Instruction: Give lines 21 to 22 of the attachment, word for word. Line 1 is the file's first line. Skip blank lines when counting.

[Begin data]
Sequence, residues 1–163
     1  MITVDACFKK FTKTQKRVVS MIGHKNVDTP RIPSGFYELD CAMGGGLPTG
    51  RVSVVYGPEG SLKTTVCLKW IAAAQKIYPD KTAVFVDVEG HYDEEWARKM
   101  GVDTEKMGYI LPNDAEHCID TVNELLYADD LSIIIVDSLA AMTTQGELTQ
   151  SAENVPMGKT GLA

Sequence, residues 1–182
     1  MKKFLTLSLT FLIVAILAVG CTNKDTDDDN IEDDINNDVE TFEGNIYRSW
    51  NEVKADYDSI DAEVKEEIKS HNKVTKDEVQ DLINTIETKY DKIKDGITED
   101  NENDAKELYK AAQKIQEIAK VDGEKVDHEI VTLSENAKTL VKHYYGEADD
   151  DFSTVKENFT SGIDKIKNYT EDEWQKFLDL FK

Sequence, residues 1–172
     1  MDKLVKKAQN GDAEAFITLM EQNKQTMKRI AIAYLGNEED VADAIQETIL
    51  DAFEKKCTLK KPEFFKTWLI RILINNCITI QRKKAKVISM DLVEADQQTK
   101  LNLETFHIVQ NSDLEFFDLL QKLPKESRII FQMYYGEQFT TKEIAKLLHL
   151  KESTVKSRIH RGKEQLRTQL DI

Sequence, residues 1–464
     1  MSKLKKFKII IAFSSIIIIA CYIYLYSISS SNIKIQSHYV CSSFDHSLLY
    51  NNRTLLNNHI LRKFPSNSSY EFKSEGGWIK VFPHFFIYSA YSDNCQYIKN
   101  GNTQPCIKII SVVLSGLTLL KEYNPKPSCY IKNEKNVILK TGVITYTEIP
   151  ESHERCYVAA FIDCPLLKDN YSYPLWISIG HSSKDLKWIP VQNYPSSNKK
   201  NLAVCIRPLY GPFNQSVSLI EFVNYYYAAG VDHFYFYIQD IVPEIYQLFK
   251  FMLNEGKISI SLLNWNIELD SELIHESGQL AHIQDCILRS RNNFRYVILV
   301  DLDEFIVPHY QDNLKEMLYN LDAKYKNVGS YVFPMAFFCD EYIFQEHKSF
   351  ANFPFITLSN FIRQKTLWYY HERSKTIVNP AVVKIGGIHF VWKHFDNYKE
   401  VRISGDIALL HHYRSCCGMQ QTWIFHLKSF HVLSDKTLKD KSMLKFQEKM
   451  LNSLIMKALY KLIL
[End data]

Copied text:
   201  NLAVCIRPLY GPFNQSVSLI EFVNYYYAAG VDHFYFYIQD IVPEIYQLFK
   251  FMLNEGKISI SLLNWNIELD SELIHESGQL AHIQDCILRS RNNFRYVILV